Aim is to develop common robust standards for combating connected car crime
Thatcham Research is turning its attention to cyber security for cars.
The insurance industry-funded vehicle safety and security research body has joined the Cyber Security Consortium for Connected Vehicles (CCV) to combat the next generation of car criminals who will use computer technology to hack or steal connected cars.
Cyber-crime costs the UK economy over £27bn a year, according to government data.
“No connected computer system can be 100% guaranteed, and as technological development in the automotive industry continues at pace so that security threat potentially increases,” said Thatcham’s chief technology officer Andrew Miller.
According to Miller, the key to keeping thieves at bay is in a joined up approach to creating robust standards.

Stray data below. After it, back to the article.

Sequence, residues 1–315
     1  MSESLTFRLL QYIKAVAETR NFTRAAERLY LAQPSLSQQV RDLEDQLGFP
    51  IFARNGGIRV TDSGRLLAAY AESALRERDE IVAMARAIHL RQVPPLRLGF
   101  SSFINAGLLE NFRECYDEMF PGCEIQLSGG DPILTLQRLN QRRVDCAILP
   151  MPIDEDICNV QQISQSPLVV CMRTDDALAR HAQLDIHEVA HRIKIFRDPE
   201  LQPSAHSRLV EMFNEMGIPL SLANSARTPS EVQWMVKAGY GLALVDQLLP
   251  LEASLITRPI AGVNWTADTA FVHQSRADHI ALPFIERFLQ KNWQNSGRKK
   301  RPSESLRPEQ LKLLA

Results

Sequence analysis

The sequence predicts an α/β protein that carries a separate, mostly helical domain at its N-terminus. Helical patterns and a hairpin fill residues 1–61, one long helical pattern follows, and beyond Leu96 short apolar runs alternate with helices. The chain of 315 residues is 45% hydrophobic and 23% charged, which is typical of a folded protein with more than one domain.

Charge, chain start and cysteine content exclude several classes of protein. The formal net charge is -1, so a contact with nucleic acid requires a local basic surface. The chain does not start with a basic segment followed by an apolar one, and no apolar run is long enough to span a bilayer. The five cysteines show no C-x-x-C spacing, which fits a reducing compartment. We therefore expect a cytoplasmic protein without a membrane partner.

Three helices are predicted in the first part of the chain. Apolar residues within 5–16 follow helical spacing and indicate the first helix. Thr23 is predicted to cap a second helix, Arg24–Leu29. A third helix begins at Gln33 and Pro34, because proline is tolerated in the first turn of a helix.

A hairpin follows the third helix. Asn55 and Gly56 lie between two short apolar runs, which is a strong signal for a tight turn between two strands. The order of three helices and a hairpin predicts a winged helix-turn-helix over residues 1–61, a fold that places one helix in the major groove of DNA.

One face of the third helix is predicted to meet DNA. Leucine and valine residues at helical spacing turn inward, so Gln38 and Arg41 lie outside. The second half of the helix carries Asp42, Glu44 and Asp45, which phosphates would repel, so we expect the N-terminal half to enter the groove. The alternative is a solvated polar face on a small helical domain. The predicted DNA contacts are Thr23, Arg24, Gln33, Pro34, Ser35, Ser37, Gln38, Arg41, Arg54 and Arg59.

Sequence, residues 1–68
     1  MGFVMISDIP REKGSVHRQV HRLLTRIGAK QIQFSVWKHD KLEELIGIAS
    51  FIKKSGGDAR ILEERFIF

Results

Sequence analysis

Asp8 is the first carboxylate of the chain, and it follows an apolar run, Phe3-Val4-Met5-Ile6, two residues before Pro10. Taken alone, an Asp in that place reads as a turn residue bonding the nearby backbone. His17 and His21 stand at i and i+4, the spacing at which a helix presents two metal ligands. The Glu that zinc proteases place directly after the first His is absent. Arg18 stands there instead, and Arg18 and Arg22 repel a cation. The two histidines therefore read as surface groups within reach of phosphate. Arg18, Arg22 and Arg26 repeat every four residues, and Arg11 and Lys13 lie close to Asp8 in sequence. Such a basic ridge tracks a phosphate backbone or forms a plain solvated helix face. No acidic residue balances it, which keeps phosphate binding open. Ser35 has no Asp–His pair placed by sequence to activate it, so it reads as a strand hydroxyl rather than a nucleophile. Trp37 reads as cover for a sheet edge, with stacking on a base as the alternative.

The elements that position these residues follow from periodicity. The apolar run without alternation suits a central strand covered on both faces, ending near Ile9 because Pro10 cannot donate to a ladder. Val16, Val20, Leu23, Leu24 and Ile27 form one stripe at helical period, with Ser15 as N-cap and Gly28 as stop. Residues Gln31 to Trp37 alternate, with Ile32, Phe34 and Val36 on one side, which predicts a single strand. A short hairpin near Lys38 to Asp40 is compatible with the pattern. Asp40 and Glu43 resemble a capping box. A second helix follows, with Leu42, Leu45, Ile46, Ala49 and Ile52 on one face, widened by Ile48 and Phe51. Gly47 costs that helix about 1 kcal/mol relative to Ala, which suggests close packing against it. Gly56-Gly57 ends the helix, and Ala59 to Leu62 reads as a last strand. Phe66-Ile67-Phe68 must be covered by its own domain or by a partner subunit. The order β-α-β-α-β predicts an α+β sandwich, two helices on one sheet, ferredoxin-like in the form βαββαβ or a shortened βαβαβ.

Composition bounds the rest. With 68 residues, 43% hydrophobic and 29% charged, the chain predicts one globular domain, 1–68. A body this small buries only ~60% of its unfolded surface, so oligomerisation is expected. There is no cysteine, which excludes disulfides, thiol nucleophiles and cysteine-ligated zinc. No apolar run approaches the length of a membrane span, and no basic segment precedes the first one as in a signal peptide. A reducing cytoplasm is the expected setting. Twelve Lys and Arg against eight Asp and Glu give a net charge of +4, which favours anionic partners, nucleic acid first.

“There are a wide range of stakeholders with an obvious interest in this area from the likes of Google and Apple, who are increasingly moving into the automotive space, to the more traditional vehicle manufacturers,” he said.
“With this mix of interested parties it’s critical to quickly establish a set of robust security standards and protocols around cyber security that everyone can agree and work to and which will avoid the kind of fragmented approach that hackers could exploit.”
Thatcham has been at the forefront of developing stringent vehicle security standards, and evaluates security levels on all new vehicles destined for UK roads.
Since Thatcham established its specialist security team in the mid-1990s, cases of vehicle theft have fallen to less than 100,000 a year from over 600,000, saving insurers an estimated £300m in claims costs per year.
Thatcham is joining existing CCV members Thales eSecurity, Plextek Consulting, Intercede, Qonex and Horiba MIRA.